Black Mail (15.97 mins)
Black Mail also stars an actor playing an actor: OC Ukeje is family man Ray, whose marriage problems worsen when he receives a phishing email blackmailing him about a sex video privacy that could destroy his home and professional life.
The sometimes awkward film travels through the squalid underworld of London, where Russian hackers exploit compromised victims and monitor their every move. Ray has no choice but to act like a fictional character in one of the thrillers he’s shooting.
OC Ukeje plays family man Ray, whose marriage problems worsen when he receives a phishing email blackmailing him for a private sex video that could destroy his home and professional life
His Way (18.97 mins)
The brilliant Laure Calamy shot to fame on the French TV series Call My Agent, and she plays Marie, a frazzled mom and sex worker in her own way. Calamy’s on-screen energy is electric as she struggles to earn enough money to get her expelled 17-year-old son into a private cooking school that could change his drug-ridden, apathetic life.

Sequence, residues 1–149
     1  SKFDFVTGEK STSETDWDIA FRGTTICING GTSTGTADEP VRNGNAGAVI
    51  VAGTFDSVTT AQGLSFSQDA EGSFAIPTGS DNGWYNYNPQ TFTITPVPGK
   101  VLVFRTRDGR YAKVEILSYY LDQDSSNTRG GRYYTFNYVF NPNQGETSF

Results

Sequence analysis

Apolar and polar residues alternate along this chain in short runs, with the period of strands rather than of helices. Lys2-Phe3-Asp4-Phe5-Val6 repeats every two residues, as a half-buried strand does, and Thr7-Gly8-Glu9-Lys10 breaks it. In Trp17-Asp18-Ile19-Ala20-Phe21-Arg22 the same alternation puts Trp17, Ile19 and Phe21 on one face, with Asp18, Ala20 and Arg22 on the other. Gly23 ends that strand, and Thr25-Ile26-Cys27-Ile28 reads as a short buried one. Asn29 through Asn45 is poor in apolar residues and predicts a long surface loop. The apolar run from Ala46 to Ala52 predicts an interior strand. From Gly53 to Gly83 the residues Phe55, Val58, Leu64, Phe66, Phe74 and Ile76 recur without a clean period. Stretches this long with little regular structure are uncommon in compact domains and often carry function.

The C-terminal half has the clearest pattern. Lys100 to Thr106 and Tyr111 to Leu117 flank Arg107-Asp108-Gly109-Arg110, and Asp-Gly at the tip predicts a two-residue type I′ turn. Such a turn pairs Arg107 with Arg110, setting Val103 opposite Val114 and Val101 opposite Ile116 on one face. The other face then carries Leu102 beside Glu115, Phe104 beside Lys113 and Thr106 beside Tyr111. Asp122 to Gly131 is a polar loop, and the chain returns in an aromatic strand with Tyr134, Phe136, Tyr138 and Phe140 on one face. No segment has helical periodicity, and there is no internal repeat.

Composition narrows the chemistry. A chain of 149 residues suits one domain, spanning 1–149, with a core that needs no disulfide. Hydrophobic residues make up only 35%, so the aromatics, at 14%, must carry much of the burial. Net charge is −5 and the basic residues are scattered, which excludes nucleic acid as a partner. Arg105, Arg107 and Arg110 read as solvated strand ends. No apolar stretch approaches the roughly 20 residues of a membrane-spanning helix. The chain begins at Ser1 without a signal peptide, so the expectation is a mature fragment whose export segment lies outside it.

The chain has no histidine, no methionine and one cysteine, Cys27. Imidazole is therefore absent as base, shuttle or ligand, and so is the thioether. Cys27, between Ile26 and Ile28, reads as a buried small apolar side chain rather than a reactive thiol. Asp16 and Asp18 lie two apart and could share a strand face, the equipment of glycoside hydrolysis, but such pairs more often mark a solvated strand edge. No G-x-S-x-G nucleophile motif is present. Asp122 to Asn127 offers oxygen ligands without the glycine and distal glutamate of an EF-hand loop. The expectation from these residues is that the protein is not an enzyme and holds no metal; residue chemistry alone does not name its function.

But Marie’s regular and sure customers are deadbeats and she’s forced to work in a spooky, neon-lit sex club with all its sinister compromises. Nissim Renard plays his son Adrien, a bulwark of teenage negativity, and your sympathy for Marie grows as she struggles to do the right thing, both rightly angry and vulnerable.
The plot lacks punch but Calamy takes on the film, furious in her fishnets, and makes every scene watchable.
The plot lacks punch but Laure Calamy (pictured) takes on the film, furious in her fishnets, and makes every scene watchable